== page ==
Student Response
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Activity Synthesis
Define random sample: A random sample from a population is a sample that is selected in a way that gives every different possible sample of the same size an equal chance of being the sample selected.
 “Which of the four methods proposed would be a random sample?” (Putting the papers in the bag or using the spinner.)
 “Would the techniques described here work for other situations in which you wanted a sample? For example, to select 50 people in a large city to represent the views of the city residents.” (Although they would work in theory for large populations, it would be too time consuming to write over a million numbers (or names) on pieces of paper and put them in a bag. Similarly, a spinner that is divided into a million sections would be difficult to manage. Computers can be used to generate random numbers for larger populations.)
 “The most common straw in the bag was the 2 inch straw. When selecting one of the straw numbers (not lengths) at random, what is the probability of selecting a 2 inch straw?” (\(\frac{8}{35}\) since there are 8 straws that are 2 inches long and 35 total straws.)
Explain:
 A representative sample would have more of the more common lengths, and there is also a higher probability of selecting these lengths, so a random selection should be a good way to select a representative sample.
 A random sample does not guarantee a representative sample, but it avoids methods that might over or underrepresent items of the population. Since we do not know the data for the population, a random sample usually provides the best opportunity to get a representative sample.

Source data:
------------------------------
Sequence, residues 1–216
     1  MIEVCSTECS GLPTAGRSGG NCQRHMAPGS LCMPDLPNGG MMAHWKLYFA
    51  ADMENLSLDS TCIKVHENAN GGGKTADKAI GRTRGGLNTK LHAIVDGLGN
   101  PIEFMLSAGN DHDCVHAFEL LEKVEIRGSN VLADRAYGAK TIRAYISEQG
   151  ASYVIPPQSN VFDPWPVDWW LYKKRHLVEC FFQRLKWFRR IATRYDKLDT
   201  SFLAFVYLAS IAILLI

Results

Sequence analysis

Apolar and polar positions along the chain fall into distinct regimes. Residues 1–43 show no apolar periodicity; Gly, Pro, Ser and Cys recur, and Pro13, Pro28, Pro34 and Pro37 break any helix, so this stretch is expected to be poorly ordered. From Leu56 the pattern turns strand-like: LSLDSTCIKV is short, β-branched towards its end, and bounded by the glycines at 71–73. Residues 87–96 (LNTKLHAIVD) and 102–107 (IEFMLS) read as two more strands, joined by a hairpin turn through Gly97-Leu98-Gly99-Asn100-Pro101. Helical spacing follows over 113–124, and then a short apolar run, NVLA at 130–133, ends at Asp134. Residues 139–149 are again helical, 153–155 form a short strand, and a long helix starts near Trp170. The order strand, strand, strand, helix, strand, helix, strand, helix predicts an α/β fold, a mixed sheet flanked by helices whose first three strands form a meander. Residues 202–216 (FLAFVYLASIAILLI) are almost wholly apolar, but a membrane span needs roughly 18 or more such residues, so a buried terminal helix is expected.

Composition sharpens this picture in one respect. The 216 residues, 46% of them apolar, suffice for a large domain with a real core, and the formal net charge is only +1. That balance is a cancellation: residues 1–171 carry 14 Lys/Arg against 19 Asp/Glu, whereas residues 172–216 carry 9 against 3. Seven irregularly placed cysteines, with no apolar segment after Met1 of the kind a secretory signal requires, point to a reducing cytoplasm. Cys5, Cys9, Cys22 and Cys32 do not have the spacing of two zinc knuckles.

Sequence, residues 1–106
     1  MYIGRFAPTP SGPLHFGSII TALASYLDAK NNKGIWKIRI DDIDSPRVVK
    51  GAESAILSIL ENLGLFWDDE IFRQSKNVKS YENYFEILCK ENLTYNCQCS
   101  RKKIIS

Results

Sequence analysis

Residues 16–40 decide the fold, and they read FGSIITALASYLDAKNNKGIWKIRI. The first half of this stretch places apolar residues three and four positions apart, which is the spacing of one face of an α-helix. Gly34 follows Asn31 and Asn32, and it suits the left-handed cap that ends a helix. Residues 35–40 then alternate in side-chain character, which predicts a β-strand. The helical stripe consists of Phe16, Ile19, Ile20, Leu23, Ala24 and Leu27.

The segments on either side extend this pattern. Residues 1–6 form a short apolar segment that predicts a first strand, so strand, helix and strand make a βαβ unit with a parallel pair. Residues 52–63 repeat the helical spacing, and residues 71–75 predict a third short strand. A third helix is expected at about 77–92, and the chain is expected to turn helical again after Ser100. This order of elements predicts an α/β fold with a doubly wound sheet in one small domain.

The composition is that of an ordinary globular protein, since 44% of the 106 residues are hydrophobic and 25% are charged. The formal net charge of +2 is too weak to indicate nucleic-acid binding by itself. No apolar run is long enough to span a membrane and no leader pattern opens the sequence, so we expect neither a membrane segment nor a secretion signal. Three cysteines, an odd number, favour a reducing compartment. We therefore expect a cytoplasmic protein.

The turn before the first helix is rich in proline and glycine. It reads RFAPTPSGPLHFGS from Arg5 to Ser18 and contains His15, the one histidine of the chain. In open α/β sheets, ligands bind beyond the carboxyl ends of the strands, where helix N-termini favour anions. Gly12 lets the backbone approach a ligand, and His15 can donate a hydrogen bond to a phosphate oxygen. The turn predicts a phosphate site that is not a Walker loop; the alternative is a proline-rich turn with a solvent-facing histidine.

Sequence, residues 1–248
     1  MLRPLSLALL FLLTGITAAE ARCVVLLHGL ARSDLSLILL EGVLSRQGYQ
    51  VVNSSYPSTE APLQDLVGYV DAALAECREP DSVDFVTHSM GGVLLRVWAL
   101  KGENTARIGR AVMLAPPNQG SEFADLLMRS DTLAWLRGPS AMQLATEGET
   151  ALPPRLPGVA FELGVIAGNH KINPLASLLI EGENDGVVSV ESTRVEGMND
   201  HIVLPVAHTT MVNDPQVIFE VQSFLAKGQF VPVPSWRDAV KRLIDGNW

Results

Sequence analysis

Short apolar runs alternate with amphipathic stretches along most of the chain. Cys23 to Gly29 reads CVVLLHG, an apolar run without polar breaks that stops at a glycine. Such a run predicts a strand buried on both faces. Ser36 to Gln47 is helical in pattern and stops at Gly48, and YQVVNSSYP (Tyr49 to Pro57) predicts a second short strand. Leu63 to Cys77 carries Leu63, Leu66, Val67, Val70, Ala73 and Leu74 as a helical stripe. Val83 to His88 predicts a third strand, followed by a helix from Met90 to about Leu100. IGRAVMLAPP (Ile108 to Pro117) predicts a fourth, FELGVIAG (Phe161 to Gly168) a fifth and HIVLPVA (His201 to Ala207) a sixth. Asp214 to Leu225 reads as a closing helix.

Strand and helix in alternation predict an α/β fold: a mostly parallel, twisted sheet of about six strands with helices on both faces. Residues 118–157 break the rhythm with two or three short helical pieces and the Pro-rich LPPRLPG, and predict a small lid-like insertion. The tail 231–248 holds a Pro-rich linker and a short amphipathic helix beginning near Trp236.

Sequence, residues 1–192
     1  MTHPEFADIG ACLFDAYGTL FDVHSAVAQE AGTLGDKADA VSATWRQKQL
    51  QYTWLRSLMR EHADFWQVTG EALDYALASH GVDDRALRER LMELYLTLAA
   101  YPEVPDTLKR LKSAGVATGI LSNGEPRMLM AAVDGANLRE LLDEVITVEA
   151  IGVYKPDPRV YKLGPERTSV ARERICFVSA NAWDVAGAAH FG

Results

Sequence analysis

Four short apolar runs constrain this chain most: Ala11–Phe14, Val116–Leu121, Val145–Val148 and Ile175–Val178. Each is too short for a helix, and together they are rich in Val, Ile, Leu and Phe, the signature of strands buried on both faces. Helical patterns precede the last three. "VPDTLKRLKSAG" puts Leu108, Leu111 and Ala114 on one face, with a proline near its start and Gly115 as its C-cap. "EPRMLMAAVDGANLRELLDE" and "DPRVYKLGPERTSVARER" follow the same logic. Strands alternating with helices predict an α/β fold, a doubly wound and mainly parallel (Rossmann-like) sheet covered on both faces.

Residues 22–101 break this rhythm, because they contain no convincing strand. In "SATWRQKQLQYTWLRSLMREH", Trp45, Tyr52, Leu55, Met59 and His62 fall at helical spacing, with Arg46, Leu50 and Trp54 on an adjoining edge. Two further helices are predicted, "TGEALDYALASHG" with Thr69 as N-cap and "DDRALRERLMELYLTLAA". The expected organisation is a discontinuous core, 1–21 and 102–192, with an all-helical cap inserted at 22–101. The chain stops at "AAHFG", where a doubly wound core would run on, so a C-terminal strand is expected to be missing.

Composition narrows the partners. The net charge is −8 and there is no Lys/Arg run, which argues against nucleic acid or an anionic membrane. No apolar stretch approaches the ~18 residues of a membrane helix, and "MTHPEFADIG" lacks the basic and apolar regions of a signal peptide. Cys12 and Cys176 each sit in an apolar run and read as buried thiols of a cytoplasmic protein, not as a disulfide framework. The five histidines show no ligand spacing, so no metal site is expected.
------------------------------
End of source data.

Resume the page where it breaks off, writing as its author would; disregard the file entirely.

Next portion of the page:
While it is the most ideal method, it is not always possible to generate a random sample. For example, if you wanted to know the average size of salmon in the wild, it is impossible to know how many there are, much less identify them individually, select a few at random from the list, then capture and measure those exact individuals. In these cases, it is important to try to intentionally reduce bias as much as possible when selecting the sample.
Lesson Synthesis
Lesson Synthesis
Consider asking these discussion questions:
 “What makes a sample selected at random the best way to select individuals for a sample?” (It avoids biases that might be introduced using other methods.)
 “As part of an English project, you want to look at the length of lines in Shakespeare’s plays. What are some methods of selecting a random sample of lines from these plays?” (Assign each line in the plays a number and use a computer to select several random numbers that correspond to the lines.)
14.5: Cooldown  Sampling Spinach (5 minutes)
CoolDown
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Student Lesson Summary
Student Facing
A sample is selected at random from a population if it has an equal chance of being selected as every other sample of the same size. For example, if there are 25 students in a class, then we can write each of the students' names on a slip of paper and select 5 papers from a bag to get a sample of 5 students selected at random from the class.
Other methods of selecting a sample from a population are likely to be biased. This means that it is less likely that the sample will be representative of the population as a whole. For example, if we select the first 5 students who walk in the door, that will not give us a random sample because students who typically come late are not likely to be selected. A sample that is selected at random may not always be a representative sample, but it is more likely to be representative than using other methods.
It is not always possible to select a sample at random. For example, if we want to know the average length of wild salmon, it is not possible to identify each one individually, select a few at random from the list, and then capture and measure those exact fish. When a sample cannot be selected at random, it is important to try to reduce bias as much as possible when selecting the sample.